The Ithaca Police Department settled a lawsuit filed by an Ithaca College alum following his arrest in 2016.
Kyle Goldstein ’18 filed the lawsuit against Ithaca police officers after being detained by police during a party at his rented home on Hudson Street on Nov. 17, 2016. According to court documents, Ithaca police officer Jacob Allard allegedly sprayed Goldstein with pepper spray, causing injuries to both of his eyes and permanent damage to his right eye. He was allegedly sprayed while handcuffed on the floor, not resisting arrest or trying to flee, according to court documents. The police department settled the lawsuit Nov. 26. John Barber, city police chief at the time of the incident, has since retired.
Ed Kopko, Goldstein’s lawyer, said he cannot reveal the details of the settlement because the City of Ithaca insisted on a confidentiality agreement. Kopko said he opposed the confidentiality agreement but consented to it to conclude the case in the best interest of his client. He could not disclose the exact amount in the settlement, but a source close to the deal confirmed it was in the “hundreds of thousands,” according to the Ithaca Voice.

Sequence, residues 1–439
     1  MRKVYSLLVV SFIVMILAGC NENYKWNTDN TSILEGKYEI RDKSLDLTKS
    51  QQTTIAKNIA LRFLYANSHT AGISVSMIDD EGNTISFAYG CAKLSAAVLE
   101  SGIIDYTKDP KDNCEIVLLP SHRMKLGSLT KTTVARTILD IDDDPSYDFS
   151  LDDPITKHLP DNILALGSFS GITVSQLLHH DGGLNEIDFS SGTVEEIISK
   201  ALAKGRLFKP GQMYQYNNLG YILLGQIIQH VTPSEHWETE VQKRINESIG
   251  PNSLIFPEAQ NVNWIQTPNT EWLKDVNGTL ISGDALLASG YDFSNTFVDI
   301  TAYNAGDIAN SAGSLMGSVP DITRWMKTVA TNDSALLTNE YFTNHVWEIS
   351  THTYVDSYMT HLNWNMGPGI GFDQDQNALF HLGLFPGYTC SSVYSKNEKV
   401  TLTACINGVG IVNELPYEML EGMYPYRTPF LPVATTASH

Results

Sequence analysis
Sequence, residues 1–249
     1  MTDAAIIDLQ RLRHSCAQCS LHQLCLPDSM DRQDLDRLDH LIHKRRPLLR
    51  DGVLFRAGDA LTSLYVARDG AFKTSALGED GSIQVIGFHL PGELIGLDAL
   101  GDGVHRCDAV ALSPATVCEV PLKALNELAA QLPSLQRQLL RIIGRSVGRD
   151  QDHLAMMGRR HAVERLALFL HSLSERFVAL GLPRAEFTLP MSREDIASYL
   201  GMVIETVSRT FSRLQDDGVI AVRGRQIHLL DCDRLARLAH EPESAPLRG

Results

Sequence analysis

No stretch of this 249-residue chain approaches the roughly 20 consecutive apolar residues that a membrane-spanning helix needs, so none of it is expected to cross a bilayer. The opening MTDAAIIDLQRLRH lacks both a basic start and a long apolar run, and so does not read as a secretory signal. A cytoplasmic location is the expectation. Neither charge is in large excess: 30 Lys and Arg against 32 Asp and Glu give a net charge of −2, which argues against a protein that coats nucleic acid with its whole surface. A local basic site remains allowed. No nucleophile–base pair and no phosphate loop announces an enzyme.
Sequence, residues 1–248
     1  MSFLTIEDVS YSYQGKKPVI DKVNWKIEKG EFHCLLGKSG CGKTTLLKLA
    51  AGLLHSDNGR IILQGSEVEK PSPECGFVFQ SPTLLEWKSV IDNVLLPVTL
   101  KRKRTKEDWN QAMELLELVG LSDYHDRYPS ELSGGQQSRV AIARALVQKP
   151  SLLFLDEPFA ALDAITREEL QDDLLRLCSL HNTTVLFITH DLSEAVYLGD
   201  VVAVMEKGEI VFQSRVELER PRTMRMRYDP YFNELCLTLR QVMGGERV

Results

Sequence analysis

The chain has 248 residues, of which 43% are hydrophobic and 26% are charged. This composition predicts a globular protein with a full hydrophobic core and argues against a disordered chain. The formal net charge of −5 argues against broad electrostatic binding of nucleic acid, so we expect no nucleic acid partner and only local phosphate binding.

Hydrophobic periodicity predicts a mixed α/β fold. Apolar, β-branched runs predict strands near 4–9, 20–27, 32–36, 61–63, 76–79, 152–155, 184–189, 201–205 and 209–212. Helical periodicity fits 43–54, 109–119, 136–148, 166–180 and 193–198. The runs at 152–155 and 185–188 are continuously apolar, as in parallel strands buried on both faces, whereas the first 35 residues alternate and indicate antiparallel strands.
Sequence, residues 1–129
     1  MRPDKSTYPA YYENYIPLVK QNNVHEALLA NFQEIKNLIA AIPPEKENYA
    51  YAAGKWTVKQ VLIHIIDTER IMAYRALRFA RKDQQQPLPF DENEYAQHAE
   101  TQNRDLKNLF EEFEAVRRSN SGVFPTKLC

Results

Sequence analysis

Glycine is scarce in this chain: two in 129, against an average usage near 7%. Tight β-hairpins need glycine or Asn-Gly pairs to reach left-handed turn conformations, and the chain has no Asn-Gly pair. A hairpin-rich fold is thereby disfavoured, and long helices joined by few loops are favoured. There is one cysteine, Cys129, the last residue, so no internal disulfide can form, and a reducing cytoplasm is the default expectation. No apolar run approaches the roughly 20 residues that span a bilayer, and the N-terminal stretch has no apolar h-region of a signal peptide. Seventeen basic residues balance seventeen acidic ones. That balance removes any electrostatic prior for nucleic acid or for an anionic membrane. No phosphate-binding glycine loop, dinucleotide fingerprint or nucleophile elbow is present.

“My personal and professional opinion is that the public is entitled to know all of this information, and it would actually be very useful to begin and maintain a public debate in discourse about political entities like the city paying money out on behalf of their individual officers,” Kopko said.
The Ithaca Police Department did not respond for comment.
Kopko said the officers who were involved in the lawsuit still work at the police department and did not contribute any money to the settlement of the case. He said the city also did not disclose whether or not those officers were subject to remedial training or sanctions following the incident.
“This whole thing started out with a college party in an off-campus apartment, and how unusual is an off-campus college party in Ithaca, New York, that has a huge student population?” Kopko said. “This was a gross, pathetic overreaction by ill-tempered, untrained police officers. I mean, who could be a police officer in Ithaca, New York, and not understand that there’s going to be college parties?”